According the CDC, approximately 14 million new infections of the human papillomavirus (HPV) will occur each year within the US, and there are already about 79 million Americans currently infected.
HPV is the most prevalent sexually transmitted infection here in the United States, and increased awareness of the infection as well as increased promotion of the HPV vaccine are counteractive measures being taken by healthcare providers all over the country.
The idea of being infected can bring fear and worry, but understanding HPV, the vaccine, and associated risk factors will guide you through the decisions necessary to maintain the best possible health for your body.
The risks are not simply for females; males contract and transmit HPV also. It is important to consider provider guidance for decisions about sexual health, but let us share ten facts about HPV that might answer some of your questions.
1. HPV is not a sign of sexual indiscretion or infidelity. HPV is a very common virus, passed from one person to another during foreplay as well as vaginal, oral, and anal sex. It can happen in a monogamous relationship or with multiple partners; there are no conclusive ways to determine when the HPV originated in the body. HPV often has no signs or symptoms, and the body will fight HPV naturally before it causes health problems. There is the possibility that HPV will lie dormant in a body for years before becoming problematic.
2. Both males and females are susceptible to HPV. Because HPV is transmitted through skin-to skin contact, it is possible for both males and females to be infected regardless of sexual orientation and activity. While many understand HPV can be linked to cervical cancer, many do not realize its potential to cause cancers of the penis in men and cancers of the anus and back of the throat, including the base of the tongue and tonsils (oropharynx), in both women and men (CDC). HPV is also indiscriminate of age and race.
3. There are over 100 types of HPV. Some types can cause genital wart, and about 15 types have been linked to HPV-related cancers. HPV types that cause genital warts are referred to as low-risk; HPV 6 and 11 are low-risk types responsible for about 90% of genital warts. HPV types causing certain cancers are referred to as high-risk; HPV 16 and 18 cause about 70% of all cervical cancers. Other high-risk HPV types cause the other 30%.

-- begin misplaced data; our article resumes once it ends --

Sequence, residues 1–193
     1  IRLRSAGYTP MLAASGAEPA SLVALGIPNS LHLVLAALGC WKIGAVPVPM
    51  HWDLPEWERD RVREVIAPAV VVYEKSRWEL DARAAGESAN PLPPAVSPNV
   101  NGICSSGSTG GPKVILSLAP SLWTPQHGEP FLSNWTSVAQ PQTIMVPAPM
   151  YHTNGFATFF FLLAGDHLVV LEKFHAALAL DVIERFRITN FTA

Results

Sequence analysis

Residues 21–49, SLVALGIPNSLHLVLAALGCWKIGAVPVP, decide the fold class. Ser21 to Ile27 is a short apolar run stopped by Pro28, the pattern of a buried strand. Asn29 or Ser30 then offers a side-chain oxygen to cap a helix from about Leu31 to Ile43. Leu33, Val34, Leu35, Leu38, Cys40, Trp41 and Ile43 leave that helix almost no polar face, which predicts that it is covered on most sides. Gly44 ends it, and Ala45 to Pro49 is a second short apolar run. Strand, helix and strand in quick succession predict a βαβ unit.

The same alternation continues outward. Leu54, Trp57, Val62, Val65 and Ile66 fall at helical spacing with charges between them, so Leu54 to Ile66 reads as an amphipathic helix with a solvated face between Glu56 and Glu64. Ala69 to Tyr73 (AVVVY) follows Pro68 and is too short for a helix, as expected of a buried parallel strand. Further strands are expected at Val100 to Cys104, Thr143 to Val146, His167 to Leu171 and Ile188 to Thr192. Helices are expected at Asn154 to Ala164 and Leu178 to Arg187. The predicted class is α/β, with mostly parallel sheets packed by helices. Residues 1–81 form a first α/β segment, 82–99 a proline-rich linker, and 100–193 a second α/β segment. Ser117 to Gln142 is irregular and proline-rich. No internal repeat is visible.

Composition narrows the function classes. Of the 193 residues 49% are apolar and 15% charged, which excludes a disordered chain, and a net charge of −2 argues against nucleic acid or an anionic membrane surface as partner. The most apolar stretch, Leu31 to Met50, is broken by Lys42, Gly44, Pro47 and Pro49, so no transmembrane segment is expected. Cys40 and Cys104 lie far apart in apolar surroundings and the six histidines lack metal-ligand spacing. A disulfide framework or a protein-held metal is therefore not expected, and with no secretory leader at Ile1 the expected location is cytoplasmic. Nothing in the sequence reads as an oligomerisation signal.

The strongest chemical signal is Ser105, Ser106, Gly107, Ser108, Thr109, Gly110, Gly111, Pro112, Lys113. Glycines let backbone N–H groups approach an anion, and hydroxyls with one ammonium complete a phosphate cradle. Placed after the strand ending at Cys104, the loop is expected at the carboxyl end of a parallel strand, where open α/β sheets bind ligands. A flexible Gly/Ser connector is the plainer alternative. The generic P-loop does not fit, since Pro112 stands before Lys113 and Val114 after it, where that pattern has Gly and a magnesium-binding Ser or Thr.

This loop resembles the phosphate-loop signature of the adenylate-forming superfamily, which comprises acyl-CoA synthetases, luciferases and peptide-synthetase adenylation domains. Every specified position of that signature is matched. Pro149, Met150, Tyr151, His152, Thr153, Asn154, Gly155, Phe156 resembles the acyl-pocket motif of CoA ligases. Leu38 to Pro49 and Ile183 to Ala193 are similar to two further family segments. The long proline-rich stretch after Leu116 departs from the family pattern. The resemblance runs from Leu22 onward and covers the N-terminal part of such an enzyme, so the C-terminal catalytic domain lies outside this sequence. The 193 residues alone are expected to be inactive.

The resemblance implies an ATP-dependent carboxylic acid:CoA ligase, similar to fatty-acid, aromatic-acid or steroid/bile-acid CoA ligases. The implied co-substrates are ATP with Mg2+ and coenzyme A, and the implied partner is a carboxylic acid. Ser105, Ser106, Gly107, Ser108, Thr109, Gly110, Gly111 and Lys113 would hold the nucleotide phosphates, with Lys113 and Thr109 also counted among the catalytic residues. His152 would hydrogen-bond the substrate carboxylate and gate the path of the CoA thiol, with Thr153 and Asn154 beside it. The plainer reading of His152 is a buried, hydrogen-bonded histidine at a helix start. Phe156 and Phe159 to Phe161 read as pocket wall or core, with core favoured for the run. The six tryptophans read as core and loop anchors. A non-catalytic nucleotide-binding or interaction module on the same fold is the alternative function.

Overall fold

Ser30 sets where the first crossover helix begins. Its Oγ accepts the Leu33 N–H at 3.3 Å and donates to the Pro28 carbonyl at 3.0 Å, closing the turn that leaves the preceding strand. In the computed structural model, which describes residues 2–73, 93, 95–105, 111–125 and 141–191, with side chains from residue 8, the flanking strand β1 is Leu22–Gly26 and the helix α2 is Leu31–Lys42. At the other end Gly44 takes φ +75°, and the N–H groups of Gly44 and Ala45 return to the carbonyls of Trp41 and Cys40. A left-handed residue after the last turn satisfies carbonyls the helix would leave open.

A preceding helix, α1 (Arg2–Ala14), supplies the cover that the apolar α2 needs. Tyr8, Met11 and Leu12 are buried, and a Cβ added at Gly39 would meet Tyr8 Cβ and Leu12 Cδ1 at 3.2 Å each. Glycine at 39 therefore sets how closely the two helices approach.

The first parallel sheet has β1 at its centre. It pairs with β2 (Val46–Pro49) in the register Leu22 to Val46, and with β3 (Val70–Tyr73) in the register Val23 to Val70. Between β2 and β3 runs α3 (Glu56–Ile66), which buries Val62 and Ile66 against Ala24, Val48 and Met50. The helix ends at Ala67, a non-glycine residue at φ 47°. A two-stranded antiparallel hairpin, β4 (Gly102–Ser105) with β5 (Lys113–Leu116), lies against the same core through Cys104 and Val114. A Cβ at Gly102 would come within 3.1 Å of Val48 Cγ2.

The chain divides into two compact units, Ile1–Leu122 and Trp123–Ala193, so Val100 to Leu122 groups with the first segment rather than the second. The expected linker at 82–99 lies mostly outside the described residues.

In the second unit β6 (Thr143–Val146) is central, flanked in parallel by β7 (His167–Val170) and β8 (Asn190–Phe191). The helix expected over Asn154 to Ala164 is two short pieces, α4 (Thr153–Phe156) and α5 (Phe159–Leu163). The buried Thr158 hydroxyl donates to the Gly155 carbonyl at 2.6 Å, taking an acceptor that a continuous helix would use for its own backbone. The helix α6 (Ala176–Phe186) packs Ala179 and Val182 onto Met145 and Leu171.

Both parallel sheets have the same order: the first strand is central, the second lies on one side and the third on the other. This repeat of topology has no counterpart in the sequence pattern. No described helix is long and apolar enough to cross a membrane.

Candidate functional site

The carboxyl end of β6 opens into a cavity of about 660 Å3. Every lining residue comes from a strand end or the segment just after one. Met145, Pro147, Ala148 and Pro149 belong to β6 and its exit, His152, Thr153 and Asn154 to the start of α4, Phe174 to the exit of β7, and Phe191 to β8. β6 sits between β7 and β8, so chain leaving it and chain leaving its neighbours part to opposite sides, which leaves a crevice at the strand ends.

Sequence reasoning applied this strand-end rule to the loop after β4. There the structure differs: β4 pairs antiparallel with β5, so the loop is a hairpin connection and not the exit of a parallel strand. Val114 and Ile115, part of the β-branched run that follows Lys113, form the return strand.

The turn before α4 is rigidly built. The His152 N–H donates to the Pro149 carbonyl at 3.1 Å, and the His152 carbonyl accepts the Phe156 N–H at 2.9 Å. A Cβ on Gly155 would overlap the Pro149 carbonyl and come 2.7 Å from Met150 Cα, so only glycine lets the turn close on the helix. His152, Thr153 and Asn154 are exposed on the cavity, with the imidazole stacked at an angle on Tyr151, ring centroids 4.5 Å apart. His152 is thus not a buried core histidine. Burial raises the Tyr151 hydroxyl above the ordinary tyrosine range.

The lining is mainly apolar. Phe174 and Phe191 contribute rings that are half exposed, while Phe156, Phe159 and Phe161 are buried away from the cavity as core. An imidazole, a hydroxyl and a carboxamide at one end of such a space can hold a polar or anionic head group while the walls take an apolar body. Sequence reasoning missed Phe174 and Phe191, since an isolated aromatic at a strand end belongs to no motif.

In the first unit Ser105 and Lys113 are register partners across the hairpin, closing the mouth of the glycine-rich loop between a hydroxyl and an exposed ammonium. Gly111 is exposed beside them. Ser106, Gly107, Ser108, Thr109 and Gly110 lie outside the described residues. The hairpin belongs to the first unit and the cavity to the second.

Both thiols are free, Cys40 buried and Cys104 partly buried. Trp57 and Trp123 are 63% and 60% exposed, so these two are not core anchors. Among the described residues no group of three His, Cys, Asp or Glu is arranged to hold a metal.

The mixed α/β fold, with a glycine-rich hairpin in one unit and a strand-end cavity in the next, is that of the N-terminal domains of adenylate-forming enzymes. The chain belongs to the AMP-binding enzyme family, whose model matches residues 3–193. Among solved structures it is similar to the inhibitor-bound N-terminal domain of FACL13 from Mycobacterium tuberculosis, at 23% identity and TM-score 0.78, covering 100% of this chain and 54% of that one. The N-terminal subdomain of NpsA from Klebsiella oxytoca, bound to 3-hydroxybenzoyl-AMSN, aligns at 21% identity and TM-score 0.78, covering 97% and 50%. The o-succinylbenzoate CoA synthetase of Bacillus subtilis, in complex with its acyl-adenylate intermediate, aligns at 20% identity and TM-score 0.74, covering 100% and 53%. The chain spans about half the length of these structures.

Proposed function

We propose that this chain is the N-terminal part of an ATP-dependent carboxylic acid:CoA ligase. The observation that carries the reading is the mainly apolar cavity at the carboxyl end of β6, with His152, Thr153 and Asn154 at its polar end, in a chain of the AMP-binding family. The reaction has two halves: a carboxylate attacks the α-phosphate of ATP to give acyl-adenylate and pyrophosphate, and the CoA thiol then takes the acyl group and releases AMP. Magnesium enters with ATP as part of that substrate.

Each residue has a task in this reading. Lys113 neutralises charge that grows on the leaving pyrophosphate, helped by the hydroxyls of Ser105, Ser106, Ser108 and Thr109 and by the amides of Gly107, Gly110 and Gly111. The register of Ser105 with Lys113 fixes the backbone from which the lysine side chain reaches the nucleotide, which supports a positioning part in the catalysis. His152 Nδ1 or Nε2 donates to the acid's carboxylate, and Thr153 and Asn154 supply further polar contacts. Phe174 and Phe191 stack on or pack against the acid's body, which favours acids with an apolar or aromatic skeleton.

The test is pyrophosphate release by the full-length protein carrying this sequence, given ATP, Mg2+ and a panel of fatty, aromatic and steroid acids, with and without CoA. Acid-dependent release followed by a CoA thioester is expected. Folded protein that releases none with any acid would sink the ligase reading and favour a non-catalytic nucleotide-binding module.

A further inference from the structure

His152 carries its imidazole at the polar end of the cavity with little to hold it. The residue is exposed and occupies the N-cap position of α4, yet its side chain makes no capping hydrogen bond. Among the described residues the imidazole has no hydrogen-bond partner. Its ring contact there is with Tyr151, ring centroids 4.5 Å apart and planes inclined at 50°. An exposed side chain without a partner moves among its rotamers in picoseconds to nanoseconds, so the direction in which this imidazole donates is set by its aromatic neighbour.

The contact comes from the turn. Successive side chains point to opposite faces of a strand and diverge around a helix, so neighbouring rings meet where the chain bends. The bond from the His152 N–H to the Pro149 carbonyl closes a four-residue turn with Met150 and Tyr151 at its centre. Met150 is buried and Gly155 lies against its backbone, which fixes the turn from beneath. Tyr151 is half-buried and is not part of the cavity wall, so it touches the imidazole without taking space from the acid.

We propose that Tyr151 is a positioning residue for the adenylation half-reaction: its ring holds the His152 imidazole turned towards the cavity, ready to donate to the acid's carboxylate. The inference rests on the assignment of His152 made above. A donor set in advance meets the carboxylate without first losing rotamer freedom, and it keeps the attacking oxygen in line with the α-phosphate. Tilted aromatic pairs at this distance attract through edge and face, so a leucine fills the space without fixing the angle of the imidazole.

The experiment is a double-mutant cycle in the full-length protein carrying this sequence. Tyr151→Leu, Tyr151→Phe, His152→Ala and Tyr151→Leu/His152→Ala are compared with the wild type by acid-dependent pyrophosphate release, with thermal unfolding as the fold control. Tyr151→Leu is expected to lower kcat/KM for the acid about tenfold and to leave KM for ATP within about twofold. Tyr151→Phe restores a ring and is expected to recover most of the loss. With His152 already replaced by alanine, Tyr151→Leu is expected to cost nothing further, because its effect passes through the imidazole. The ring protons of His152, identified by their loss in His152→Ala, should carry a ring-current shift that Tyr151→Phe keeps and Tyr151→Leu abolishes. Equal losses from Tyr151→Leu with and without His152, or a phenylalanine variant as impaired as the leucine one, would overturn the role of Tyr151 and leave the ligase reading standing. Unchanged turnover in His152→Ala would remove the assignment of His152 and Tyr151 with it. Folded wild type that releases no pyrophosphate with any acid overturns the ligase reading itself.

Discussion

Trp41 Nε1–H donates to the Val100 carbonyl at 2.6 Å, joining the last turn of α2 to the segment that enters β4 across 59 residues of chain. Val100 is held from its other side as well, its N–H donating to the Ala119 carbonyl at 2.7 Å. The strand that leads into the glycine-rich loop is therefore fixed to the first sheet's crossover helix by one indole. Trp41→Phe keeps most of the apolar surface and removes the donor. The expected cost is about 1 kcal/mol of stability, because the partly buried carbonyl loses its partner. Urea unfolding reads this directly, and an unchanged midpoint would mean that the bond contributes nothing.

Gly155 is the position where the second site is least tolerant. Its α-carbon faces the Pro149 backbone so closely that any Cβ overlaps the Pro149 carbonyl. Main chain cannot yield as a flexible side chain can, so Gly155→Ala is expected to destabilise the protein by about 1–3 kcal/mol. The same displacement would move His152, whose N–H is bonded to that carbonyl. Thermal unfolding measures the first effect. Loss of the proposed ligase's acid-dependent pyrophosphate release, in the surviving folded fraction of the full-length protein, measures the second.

4. The HPV vaccine is effective at preventing several types of infection. Research data has shown the vaccine provides almost 100% protection against cervical pre-cancers and genital warts. Since the first HPV vaccine was recommended in 2006, there has been a 64% reduction in vaccine-type HPV infections among teen girls in the United States (CDC).
5. The HPV vaccine should be given before sexual activity begins, but there are still benefits if this is not the case. The vaccines do not treat existing infections; they are preventative and more effective prior to any exposure as the body will develop the antibodies necessary to fight possible infection. However, individuals that are sexually active are encouraged to receive the vaccine as it could still prevent future infections of the various types of HPV. It is recommended that all girls and boys who are 11 or 12 years old should get the recommended series of HPV vaccine, but the vaccination series can be started as early as nine years old (CDC).